Yes, I noticed that now. Makes sense, because like you have just mentioned, not every gamer is going to do some extreme OC on their processor. just to gain some few extra FPS. And on 4K, most of the games would be GPU-bound as well.

So it seems that the performance delta would be less for the Raptor Lake, if we remove the 5.5 GHz clock value, and drop it down to match the 12900K's speed.

EDIT: It appears the 5.5 GHz is indeed the default/stock clock speed value out of the box though ?
 
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EDIT: It appears the 5.5 GHz is indeed the default/stock clock speed value out of the box though ?
For up to 2 cores, not for all of them.
And this second part is just an assumption but when the 2cores boost to 5.5 the rest of them would run slower clocks than normal to keep the chip as a whole within TDP, unless you have it set to unlimited TDP.

Sure maybe the difference will be smaller if not overclocked but then again most games where you get a noticeable difference, the ones that play at 100-150FPS and not at 300FPS, run one or two main threads instead of running the whole game as a multithread workload.

Also the minimums where RL showed a great increase should not be affected.
 

KyaraM

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Final Fantasy 9 EndWalker? I always thought I play Final Fantasy 14 Endwalker!

Good info!

Unfortunately, currently, E-cores are bad for gaming, so much so that reputable reviewers are recommending you turn off the E-cores if you want to ensure max performance out of your 12th-gen Intel CPU. They definitely makes some great P-cores though! ;)
View: https://www.youtube.com/watch?v=wqB96Bdsb4M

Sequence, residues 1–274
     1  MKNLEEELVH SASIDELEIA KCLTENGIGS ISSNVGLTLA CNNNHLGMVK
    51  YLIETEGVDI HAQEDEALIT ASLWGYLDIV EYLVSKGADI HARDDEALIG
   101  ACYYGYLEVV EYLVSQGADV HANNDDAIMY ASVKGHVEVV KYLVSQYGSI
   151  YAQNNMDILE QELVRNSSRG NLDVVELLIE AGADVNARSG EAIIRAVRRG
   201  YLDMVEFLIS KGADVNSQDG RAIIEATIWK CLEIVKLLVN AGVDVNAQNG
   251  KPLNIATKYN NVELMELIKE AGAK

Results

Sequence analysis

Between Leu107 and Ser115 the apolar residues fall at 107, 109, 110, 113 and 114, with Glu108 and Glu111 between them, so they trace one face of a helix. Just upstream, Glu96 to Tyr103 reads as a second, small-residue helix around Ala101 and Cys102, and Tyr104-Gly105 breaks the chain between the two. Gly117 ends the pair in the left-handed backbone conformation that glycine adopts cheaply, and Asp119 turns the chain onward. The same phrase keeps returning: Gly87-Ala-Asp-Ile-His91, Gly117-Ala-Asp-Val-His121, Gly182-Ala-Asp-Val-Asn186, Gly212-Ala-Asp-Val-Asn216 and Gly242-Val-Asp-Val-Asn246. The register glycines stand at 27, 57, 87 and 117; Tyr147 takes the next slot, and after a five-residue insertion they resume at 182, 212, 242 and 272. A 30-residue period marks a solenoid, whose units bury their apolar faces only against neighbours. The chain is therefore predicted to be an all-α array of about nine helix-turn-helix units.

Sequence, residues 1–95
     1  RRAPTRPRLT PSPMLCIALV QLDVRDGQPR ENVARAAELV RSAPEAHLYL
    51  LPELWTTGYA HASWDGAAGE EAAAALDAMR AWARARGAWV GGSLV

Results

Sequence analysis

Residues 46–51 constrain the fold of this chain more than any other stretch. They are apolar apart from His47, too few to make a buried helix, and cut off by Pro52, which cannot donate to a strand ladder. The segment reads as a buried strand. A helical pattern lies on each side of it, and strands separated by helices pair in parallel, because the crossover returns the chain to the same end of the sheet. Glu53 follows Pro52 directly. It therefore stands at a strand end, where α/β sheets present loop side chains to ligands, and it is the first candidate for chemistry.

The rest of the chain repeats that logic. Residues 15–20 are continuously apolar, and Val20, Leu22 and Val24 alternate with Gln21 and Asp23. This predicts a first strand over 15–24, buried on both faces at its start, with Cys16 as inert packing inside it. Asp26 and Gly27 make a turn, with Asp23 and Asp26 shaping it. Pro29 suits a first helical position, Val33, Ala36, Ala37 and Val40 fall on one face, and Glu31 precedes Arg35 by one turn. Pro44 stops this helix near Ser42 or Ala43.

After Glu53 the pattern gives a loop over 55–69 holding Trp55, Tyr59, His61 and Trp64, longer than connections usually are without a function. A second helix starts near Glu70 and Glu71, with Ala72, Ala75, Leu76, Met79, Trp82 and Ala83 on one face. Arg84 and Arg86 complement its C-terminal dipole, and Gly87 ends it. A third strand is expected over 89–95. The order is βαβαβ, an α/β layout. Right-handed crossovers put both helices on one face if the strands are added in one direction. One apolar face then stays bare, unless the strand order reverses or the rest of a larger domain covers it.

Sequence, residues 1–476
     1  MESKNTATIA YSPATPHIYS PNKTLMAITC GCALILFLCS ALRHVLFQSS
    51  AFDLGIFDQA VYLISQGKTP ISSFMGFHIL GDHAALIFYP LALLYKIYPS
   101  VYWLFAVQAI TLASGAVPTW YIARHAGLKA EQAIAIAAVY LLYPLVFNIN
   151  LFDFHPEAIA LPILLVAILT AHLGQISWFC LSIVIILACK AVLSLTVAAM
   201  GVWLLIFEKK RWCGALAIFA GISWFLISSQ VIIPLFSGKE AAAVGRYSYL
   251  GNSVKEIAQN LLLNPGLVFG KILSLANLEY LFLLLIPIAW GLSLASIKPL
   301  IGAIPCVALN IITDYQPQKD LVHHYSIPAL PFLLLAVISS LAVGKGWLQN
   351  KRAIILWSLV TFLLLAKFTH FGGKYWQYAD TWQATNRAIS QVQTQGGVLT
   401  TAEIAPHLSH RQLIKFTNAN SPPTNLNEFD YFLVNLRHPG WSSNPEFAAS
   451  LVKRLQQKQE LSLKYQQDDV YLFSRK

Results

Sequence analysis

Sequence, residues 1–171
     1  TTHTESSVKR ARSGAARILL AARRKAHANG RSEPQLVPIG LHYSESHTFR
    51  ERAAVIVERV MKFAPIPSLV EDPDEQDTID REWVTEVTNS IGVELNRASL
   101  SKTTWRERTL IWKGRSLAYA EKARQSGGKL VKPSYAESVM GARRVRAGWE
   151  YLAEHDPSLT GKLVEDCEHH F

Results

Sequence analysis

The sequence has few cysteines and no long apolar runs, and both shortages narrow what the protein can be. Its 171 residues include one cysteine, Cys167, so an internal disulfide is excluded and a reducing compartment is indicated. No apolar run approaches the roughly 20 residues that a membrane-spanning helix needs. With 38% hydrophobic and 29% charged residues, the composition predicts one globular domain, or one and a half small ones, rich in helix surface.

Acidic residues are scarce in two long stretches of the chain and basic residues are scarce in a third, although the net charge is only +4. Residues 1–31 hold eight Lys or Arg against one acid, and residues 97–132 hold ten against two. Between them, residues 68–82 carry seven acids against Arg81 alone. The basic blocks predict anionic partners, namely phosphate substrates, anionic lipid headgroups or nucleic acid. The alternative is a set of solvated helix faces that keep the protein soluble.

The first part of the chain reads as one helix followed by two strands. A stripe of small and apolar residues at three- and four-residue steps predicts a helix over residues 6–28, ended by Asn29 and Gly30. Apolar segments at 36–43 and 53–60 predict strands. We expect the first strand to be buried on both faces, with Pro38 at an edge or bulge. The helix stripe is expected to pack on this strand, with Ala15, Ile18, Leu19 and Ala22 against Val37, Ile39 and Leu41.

Outdated video is outdated. Also, if your concern is latency, I hope you are prepared to deactivate a chiplet on your Ryzen CPU for gaming, since that latency is a lot worse and even AMD recommends doing it and won't fix the issue, either. But, sure, Intel's the only one with issues, as always.

That sucks if the E cores are of no use in gaming. Thanks for the video. I will watch it soon. Though, it might also be possible that most of the games need to be re-coded by the developers to support the HYBRID core architecture of Alder Lake CPUs, and to take advantage of it ?

Maybe some future game patches might improve some performance, but that remains to be seen. Btw, Windows 11 OS has a much better scheduler support as well, which might help in some perf gain IMO.



Yes, I noticed that now. Makes sense, because like you have just mentioned, not every gamer is going to do some extreme OC on their processor. just to gain some few extra FPS. And on 4K, most of the games would be GPU-bound as well.

So it seems that the performance delta would be less for the Raptor Lake, if we remove the 5.5 GHz clock value, and drop it down to match the 12900K's speed.